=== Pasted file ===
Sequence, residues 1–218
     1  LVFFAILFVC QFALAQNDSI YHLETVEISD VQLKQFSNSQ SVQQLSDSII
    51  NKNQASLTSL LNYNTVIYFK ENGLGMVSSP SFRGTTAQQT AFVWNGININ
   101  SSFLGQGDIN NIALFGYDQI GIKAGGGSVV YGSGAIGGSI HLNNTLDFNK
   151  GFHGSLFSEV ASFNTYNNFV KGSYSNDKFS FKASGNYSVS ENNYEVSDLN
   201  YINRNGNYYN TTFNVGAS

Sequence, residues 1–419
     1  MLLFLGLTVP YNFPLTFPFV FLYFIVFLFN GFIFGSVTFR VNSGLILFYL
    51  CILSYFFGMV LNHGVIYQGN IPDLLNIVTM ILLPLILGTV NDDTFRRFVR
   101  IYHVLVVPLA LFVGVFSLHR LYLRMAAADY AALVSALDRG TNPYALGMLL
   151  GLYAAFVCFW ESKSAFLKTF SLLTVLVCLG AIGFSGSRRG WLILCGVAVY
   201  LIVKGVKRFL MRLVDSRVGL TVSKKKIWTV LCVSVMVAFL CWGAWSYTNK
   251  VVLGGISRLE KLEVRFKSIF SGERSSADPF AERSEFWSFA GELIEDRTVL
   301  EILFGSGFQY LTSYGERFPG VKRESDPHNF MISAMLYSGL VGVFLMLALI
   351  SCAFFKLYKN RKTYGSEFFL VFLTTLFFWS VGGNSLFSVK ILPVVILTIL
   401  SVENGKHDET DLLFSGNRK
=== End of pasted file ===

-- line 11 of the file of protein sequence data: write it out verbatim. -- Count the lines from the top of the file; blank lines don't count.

   151  GLYAAFVCFW ESKSAFLKTF SLLTVLVCLG AIGFSGSRRG WLILCGVAVY